There is little doubt that Brexit will have an impact on UK policy making. In fact, it has had some pretty positive impact on our waste management in the UK. A wonderful example of this is the 1999 Landfill directive. Now, we know this may not sound desperately exciting. However, it saw the amount of municipal waste dumped in landfill sites decrease from 80% in 2000 to 20% in 2014 which is pretty darn impressive.

And it’s not just in waste management that the EU has had an impact, but in our recycling rates. Currently, the EU dictates over 30,000 pieces of legislation, which is a pretty hefty figure. Unsurprisingly, a few of these are to do with recycling. Which, in fairness to us Brits we are working pretty hard to improve on. Since the turn of the millennium, Britain’s recycling levels have increased from just over 10% to a current rate of 44%. This is a pretty impressive uptake and means we are someway close the reaching the EU directive of a 50% recycling rate by 2020. This is unsurprising given we only had just over two years to reach those targets. However, where things get slightly trickier is the EU’s decision to increase that to 65% by 2030. With some councils still lagging somewhat behind even that 50% rate, there is a suggestion that we may not quite make that target in time. Specifically, with some evidence of stagnation and, of course, now we have left the EU there may be far more leniency over reaching these targets. Although, a number of analysts argue that overall, Britain already has momentum and with or without the EU most people would agree that the more we can recycle the better. Not only that, but in 10 years the UK will, quite simply, run out of landfill meaning a commitment to recycling is pretty much paramount.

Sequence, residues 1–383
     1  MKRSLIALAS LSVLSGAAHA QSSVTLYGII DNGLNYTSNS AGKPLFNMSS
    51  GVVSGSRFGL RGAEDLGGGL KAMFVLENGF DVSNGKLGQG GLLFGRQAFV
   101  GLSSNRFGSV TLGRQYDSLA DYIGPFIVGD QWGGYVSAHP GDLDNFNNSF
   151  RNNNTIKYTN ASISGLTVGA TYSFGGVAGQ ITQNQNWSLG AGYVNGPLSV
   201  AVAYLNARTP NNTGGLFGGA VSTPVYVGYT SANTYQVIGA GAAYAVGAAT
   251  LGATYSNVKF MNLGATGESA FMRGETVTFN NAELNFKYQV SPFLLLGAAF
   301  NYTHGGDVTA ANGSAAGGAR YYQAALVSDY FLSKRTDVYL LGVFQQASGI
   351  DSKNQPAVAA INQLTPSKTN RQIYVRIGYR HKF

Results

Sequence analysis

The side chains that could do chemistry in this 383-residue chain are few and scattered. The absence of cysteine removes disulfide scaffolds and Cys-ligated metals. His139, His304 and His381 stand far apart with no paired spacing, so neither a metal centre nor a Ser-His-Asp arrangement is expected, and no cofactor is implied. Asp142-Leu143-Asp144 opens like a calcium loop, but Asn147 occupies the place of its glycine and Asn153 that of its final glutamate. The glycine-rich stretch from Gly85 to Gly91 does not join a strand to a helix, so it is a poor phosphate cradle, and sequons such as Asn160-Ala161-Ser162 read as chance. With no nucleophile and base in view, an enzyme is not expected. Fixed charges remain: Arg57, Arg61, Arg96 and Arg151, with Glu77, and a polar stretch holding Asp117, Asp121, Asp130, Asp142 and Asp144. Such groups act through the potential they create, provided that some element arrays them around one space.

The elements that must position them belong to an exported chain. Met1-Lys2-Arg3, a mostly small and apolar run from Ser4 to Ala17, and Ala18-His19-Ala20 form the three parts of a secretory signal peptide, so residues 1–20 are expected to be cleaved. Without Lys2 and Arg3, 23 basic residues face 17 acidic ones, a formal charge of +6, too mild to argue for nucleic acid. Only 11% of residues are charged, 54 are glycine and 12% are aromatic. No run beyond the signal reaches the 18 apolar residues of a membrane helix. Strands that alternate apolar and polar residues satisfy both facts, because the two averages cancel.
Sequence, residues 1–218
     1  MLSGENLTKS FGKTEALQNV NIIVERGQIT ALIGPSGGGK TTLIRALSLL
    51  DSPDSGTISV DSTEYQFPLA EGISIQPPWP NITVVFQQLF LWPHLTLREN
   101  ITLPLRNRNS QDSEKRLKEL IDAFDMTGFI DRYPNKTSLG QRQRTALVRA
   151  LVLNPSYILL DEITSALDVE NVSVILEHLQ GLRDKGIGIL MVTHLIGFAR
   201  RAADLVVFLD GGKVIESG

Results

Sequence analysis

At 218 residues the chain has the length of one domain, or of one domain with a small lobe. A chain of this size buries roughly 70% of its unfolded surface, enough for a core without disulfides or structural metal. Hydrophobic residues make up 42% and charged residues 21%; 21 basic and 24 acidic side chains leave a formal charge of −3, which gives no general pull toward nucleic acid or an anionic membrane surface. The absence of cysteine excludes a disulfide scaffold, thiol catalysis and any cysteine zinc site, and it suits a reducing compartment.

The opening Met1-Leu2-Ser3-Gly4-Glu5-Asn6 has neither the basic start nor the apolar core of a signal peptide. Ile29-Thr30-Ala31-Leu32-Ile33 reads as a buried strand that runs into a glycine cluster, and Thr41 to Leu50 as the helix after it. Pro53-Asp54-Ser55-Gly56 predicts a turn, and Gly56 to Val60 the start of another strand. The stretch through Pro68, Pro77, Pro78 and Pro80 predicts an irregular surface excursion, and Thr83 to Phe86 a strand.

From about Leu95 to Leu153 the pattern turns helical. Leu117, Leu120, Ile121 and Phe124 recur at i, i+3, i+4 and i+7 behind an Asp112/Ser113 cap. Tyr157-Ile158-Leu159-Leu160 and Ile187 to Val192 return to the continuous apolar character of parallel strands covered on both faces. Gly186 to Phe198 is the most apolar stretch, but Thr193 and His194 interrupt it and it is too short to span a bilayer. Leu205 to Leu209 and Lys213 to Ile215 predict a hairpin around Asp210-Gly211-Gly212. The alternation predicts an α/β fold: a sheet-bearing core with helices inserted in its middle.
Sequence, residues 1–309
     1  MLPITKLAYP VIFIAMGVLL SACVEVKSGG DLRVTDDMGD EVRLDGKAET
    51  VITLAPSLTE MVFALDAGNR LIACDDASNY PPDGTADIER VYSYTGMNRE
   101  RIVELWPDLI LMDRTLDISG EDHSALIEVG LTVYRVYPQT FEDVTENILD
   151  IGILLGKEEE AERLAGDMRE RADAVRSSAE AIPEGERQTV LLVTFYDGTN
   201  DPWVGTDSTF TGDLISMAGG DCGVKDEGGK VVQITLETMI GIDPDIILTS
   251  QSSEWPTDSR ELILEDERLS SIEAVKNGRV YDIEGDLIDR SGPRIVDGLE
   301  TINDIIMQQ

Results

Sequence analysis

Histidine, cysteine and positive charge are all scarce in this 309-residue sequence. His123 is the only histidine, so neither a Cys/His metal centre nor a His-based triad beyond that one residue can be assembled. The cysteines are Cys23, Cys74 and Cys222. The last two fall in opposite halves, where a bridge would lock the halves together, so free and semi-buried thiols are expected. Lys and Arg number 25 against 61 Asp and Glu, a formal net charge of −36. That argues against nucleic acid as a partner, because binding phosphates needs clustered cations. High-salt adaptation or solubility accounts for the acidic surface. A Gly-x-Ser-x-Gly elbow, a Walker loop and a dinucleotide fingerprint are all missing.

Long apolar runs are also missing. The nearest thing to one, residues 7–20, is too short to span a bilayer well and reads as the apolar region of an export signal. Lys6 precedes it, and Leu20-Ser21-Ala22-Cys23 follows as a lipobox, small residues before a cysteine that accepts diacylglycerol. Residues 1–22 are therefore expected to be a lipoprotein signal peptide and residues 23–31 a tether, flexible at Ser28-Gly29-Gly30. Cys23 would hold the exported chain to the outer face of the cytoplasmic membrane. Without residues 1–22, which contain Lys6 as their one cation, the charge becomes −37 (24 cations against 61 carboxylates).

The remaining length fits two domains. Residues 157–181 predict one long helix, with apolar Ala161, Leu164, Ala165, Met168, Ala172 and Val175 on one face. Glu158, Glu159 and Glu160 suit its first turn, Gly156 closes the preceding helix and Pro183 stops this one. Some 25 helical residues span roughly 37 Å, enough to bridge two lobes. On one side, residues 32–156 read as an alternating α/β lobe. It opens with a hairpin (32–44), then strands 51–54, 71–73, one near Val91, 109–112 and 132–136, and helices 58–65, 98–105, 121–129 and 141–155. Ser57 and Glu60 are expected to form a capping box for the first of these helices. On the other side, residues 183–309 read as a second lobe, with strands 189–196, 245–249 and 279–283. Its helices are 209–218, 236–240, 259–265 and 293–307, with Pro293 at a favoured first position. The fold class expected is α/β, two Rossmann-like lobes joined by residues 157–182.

That being said, even without a clear EU policy, for any real investment to occur we will need to have some form of directive, or some level of clarity in regards to our future waste strategies or targets.

What might prove problematic is losing the collective power and infrastructure of the European Union especially given their circular economy strategy that has been in the offing for quite a few years. Not expected to come into force for a good few years the package aims to create a “concrete and ambitious programme of action” which covers the entire journey of packaging from start to end. Essentially, it would force manufacturers to take responsibility for products they made as well as bringing in far more ambitious targets for recycling. Whereas it seems unlikely the UK will follow in this programme once it leaves the EU, which may prove somewhat problematic especially as there are currently 480 billion plastic drinking bottles with demand expected to soar another 20% by 2021, which will require a more solid infrastructure plan than the one currently seen in the UK.

The hope is, if course, that despite Brexit, the British government will still focus on increasing our levels of recycling and building a more sustainable and richer British environment for all.

At Brantlegh Waste we are utterly committed to helping Brits improve their recycling rates so if you have any questions at all please feel free to give us a call on 0333 8000 613.